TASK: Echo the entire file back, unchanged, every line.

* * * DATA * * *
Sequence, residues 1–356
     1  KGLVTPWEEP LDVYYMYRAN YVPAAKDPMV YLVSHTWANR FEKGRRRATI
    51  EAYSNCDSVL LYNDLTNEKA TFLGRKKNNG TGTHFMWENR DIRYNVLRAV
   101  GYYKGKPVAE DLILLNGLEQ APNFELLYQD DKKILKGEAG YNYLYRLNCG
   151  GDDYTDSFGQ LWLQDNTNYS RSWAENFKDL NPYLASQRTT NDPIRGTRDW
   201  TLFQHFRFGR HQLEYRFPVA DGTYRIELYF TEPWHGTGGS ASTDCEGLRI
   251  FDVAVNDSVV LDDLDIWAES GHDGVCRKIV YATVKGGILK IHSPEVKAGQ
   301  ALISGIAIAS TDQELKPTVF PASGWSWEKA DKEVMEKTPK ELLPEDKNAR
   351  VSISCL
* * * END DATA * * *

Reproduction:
Sequence, residues 1–356
     1  KGLVTPWEEP LDVYYMYRAN YVPAAKDPMV YLVSHTWANR FEKGRRRATI
    51  EAYSNCDSVL LYNDLTNEKA TFLGRKKNNG TGTHFMWENR DIRYNVLRAV
   101  GYYKGKPVAE DLILLNGLEQ APNFELLYQD DKKILKGEAG YNYLYRLNCG
   151  GDDYTDSFGQ LWLQDNTNYS RSWAENFKDL NPYLASQRTT NDPIRGTRDW
   201  TLFQHFRFGR HQLEYRFPVA DGTYRIELYF TEPWHGTGGS ASTDCEGLRI
   251  FDVAVNDSVV LDDLDIWAES GHDGVCRKIV YATVKGGILK IHSPEVKAGQ
   301  ALISGIAIAS TDQELKPTVF PASGWSWEKA DKEVMEKTPK ELLPEDKNAR
   351  VSISCL